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    Archery opens first, in early Oct, then black powder-muzzleloader after that, Then finally regular gun season. I get 2 months and 3 days ( or 65 days if you want) to fill 4 tags. :)
     
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  14. Stone

    Stone Member

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    I have some tasks to finish in early afternoon, but a bit later, I hope to get out in the woods and do some more work -- call it explorations -- with the bolos.

    As you'll notice upstream^, I spent a lot of time last evening taking a close look at the edge that 42 put on Bolo 2 -- which is a fine edge, by the way: it looks very professional, especially compared to the one that I've put on Bolo 1, starting with a single cut file, then working up through DMT diamond stones (I have the small duofold), then all the way to 4000 whetstone. It cuts well, but it's not ... pretty like the one on Bolo 2.

    But by looking carefully, with magnifying glass and even a little low power, terrible resolution USB microscope, I'm understanding his model for this edge. So, I'm going to modify Bolo 1 a bit now and see how it affects cutting. More on that in ATTB ...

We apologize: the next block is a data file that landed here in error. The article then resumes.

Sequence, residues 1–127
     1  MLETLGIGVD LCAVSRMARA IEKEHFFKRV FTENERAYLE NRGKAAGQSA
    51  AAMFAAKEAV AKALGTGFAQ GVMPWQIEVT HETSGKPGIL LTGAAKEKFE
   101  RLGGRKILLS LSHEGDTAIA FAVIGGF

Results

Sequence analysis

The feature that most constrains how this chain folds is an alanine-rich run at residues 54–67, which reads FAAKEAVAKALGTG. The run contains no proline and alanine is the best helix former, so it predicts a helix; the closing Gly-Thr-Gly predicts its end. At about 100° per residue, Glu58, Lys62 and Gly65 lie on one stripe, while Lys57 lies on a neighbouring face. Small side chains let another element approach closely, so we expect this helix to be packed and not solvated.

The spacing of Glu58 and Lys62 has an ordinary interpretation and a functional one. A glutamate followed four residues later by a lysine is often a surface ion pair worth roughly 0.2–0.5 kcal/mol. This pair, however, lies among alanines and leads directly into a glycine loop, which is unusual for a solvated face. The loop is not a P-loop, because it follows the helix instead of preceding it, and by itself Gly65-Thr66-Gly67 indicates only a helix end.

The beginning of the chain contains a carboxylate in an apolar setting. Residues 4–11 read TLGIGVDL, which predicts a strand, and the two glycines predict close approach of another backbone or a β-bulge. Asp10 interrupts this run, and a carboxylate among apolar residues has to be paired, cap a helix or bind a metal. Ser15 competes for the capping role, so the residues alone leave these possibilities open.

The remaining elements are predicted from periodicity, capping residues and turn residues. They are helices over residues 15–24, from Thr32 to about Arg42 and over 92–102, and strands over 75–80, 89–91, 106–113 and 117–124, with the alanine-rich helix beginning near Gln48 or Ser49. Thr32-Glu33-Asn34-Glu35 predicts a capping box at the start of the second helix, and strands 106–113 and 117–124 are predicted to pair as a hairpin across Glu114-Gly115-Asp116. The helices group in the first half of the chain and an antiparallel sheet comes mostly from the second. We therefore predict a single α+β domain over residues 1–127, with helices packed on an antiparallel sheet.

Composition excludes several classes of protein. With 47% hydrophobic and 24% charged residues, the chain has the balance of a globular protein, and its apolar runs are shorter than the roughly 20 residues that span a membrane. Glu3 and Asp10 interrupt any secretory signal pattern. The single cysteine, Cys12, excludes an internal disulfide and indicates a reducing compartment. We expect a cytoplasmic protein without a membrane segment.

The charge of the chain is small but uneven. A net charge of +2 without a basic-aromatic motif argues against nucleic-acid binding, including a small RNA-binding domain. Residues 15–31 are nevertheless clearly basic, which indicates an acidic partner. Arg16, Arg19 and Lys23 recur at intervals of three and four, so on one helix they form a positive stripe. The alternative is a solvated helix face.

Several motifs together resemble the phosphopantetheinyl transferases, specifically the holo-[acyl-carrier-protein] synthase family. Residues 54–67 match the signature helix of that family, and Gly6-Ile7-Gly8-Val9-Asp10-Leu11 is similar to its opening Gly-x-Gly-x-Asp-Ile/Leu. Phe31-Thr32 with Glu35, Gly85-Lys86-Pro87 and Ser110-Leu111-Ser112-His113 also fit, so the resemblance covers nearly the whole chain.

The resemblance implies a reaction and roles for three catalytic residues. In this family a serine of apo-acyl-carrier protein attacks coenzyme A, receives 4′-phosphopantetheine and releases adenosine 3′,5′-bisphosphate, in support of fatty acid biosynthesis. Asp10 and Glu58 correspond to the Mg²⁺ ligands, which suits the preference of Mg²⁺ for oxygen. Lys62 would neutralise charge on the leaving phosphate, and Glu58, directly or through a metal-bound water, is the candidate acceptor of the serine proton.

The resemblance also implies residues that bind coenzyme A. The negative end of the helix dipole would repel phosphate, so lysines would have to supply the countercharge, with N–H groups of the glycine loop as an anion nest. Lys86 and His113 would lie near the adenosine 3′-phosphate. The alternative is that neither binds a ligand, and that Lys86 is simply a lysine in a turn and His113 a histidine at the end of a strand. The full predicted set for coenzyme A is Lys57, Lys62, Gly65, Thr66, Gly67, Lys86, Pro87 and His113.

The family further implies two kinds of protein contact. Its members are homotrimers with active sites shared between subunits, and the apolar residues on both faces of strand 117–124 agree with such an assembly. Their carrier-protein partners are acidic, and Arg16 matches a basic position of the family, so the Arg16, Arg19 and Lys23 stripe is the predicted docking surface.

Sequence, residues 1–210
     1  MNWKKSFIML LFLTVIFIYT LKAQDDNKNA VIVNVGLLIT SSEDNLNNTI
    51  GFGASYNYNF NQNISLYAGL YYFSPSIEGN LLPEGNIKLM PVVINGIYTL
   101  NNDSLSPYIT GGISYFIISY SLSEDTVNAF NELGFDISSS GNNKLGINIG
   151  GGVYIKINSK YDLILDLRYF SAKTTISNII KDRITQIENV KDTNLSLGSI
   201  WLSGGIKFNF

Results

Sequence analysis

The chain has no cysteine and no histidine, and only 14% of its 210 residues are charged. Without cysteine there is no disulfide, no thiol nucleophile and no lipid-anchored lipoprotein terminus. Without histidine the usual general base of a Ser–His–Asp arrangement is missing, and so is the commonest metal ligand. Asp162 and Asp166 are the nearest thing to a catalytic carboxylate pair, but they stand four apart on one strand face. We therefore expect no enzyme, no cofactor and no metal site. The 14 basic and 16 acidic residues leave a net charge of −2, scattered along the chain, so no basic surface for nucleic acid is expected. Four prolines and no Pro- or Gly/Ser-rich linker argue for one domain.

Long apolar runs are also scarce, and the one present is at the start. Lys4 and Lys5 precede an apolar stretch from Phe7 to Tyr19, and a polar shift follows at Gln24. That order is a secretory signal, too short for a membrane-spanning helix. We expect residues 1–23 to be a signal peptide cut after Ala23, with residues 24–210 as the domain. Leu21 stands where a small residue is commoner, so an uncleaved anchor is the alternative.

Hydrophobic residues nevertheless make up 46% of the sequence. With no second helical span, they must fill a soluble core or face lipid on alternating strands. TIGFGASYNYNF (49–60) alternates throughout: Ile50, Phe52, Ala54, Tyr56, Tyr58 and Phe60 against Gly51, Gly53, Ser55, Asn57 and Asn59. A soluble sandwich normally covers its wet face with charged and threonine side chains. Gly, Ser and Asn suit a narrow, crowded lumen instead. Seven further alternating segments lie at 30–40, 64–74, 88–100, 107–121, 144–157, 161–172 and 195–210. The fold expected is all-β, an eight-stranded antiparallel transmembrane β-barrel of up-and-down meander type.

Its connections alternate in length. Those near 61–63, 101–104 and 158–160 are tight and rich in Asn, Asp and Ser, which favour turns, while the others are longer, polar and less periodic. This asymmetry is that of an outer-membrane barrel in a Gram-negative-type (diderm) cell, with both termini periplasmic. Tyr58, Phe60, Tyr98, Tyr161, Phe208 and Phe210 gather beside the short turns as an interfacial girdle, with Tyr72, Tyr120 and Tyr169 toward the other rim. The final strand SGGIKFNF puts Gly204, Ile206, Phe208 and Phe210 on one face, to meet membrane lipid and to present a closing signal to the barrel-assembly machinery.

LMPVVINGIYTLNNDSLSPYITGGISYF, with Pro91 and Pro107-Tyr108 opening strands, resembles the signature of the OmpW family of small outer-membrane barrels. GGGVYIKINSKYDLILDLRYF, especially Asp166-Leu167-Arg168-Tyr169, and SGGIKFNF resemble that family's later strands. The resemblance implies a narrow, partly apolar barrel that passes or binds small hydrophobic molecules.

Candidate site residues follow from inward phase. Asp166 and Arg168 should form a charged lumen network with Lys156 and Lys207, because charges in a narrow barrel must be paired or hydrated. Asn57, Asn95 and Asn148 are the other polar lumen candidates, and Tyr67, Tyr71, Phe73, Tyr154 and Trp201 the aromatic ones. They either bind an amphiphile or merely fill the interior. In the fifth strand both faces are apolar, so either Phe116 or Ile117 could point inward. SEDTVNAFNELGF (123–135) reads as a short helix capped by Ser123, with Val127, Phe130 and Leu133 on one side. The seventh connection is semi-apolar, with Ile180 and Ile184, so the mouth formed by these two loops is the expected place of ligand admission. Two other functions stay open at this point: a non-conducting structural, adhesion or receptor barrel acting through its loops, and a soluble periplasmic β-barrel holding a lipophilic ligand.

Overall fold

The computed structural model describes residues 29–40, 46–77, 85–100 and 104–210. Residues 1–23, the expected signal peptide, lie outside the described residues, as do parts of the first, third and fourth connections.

Oh, and Happy Halloween/Samhain (depending on your perspective). :)
     
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  15. FortyTwoBlades

    FortyTwoBlades Moderator Staff Member

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    Don't get too lost in the weeds when it comes to how I prepped the edge. It's more a matter of the overall low edge angle than anything else. Maintaining a low relief angle with a file or grinder and polishing the apex at a slightly higher angle just makes field touchups faster/easier. It's sort of like a micro version of a saber grind. :)
     
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  16. Stone

    Stone Member

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    I think you may not understand my process. I'm trained heavily in the sciences, as you know, including science as process (vs "facts" we learn via science).

    I'm approaching this project as much from that perspective as from a purely practical approach. It's fun for me to look at an object -- usually, something biological or geological, but in this case a couple of blades -- and ask, "How did this get that way? Why does it work the way it does, and could it be better ... or worse?" Etc, etc, etc.